Accounting for Pregnancy
Female clients of child-bearing age can be faced with the possibility of a pregnancy concurrent with incapacity and life threatening injury or illness. Again, an attorney would be remiss not to discuss relevant treatment decisions in this scenario, no matter how difficult the subject. When discussing this issue, practitioners must evince such decisions as whether the client wishes to save her own life over her unborn child’s life, keep herself alive until a fetus is viable outside of the womb or save the unborn fetus at all costs, including the loss of her life. Possible language to include in the living will can be as follows:
In the event I am not in the stages of a terminal condition and I am pregnant, and life sustaining measures can possibly allow a recovery, but such measures might result in the death of my unborn baby, I wish to have my life preserved over that of my unborn baby.
A living will can be drafted to allow for the mother’s life to be preserved until such time as a viable fetus can be removed by including such language as follows:
If, upon the occurrence of a triggering event, I am pregnant, and life sustaining measures can possibly preserve the life of my baby, I would like to receive life sustaining treatment until the baby can be removed. Once the baby is removed, I do not want to receive life sustaining treatment if a triggering event has occurred.
Again, as a legal document governed by common law, it is not only possible but preferable to customize end-of-life treatment decisions in a way that provides comfort and peace of mind for the client. For example, many clients do not wish to receive life-sustaining measures indefinitely but would like to receive artificial feeding and nutrition for some length of time. In such a case, the practitioner should consider adding the following language:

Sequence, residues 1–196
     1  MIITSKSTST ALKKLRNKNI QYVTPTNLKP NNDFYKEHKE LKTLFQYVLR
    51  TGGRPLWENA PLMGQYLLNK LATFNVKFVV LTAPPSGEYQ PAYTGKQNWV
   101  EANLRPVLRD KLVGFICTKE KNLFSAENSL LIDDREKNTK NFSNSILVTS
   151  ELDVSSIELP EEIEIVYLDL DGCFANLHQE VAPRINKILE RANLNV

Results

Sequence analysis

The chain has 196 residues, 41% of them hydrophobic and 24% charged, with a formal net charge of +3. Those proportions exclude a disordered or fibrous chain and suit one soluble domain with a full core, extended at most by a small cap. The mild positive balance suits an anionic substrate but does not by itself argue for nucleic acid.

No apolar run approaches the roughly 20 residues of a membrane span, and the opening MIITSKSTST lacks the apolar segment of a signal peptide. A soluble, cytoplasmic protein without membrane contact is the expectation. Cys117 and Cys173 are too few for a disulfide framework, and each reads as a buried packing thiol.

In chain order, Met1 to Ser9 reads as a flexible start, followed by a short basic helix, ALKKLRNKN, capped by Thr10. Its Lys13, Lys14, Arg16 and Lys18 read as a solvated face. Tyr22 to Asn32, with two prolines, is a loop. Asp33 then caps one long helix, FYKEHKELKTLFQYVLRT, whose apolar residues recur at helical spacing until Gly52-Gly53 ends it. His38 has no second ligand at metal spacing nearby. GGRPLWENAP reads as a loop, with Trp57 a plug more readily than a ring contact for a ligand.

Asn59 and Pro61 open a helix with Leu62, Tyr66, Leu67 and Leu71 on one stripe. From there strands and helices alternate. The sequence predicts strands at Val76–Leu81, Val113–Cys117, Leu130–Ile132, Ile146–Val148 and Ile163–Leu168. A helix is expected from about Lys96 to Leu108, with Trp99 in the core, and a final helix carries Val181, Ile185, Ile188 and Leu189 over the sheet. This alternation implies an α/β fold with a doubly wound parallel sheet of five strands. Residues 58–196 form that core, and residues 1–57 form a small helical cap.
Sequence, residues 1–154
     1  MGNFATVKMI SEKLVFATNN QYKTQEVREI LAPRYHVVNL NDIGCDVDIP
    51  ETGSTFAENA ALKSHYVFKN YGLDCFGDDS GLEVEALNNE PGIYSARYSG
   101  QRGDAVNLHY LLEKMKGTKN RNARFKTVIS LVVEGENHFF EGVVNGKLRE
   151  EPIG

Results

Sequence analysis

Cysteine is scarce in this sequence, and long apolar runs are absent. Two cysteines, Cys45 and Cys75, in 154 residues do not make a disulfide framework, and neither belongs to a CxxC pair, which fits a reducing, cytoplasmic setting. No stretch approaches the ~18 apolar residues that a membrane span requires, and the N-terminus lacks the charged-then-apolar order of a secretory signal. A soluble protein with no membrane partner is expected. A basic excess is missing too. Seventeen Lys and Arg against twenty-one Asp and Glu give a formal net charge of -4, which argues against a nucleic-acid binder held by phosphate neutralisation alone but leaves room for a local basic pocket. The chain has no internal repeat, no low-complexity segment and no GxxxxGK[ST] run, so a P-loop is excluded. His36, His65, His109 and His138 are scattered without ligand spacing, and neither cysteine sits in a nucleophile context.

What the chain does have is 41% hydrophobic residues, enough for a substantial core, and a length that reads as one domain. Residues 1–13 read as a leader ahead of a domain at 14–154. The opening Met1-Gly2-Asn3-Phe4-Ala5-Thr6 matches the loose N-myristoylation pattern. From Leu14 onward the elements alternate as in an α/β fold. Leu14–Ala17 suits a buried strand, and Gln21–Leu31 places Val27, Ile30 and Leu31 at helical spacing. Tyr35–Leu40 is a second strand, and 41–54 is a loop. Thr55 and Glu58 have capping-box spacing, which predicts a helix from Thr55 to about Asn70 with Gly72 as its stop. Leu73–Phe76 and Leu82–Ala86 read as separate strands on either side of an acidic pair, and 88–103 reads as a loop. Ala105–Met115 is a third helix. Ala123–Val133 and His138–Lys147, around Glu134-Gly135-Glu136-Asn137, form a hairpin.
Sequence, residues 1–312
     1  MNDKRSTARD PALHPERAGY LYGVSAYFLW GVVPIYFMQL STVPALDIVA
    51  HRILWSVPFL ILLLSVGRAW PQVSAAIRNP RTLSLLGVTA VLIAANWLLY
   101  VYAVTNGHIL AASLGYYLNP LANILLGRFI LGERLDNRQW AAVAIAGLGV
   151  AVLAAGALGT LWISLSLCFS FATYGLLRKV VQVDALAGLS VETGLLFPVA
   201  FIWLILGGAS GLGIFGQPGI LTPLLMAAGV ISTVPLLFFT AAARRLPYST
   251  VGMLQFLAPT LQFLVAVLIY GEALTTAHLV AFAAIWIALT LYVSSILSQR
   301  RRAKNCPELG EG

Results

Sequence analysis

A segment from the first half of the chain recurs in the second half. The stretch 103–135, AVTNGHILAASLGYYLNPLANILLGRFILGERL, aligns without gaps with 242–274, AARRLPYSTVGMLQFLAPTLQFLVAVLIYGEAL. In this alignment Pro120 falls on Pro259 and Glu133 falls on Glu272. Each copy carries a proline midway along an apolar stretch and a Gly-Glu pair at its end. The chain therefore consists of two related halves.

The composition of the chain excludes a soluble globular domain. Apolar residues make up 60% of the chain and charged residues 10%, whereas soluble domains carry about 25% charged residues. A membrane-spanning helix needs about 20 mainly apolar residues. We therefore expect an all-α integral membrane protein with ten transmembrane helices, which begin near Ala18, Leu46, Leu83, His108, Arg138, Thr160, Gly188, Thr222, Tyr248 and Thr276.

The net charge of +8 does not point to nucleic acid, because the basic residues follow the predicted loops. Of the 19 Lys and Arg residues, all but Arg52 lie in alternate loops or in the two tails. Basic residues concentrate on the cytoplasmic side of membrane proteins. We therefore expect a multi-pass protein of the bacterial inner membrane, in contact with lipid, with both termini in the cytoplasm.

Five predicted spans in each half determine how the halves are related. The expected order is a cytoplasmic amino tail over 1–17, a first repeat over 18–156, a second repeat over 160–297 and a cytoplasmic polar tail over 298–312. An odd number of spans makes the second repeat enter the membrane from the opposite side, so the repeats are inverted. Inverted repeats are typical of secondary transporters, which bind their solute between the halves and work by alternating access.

If I shall in the future sustain substantial and irreversible loss of mental capacity and I am unable to eat or drink without assistance, and tube(s) or other artificial means are required to feed me, and it is highly unlikely that I will ever be able to eat and drink without artificial feeding, then I wish all life sustaining treatment be administered to me for a period not to exceed two (2) months, after which, if I still am unable to eat or drink without assistance, and tubes or other artificial means still are required to feed me, and it remains highly unlikely that I will ever be able to eat and drink without artificial feeding, then I wish to be removed from all life sustaining treatment.
Practitioners in the fields of elder law and estate planning know that nothing is more important than honoring a person’s last wishes. Appreciating that one size does not fit all in end-of-life decisions is critical to good lawyering. Accommodating all the varieties and permutations of end-of-life decision-making is possible with awareness of the issues and options, open and honest conversation, and sensitive drafting. As the court stated in Matter of Westchester County Medical Center on Behalf of O’Connor, “[n]othing less than unequivocal proof will suffice when the decision to terminate life support is at issue.”6 As a writing that provides clear and convincing evidence of a person’s wishes, it is critical that the attorney-draftsperson bring forth and examine clients’ specific wishes and beliefs and tailor living wills to accommodate and reflect such directives.
Jennifer B. Cona is the managing partner of the elder law and estate planning firm of Genser Dubow Genser & Cona. Lynn Kay is an associate at the firm.
1. Matter of Westchester County Medical Center on Behalf of O’Connor, 72 N.Y.2d 517, 530 (1988).
2. Id. at 531.
3. Matter of May v. The Wartburg Health Care Center, 5/8/97 NYLJ, p. 34, col. 4 (Sup. Ct. Westchester County).
4. New York Public Health Law §2981(2)(a).
5. A “triggering event” is generally defined as the loss of mental capacity coupled with either 1) the need for artificial feeding or 2) the diagnosis of an incurable or irreversible condition likely to cause death within a relatively short time.
6. Matter of Westchester County Medical Center on Behalf of O’Connor, 72 N.Y.2d at 529.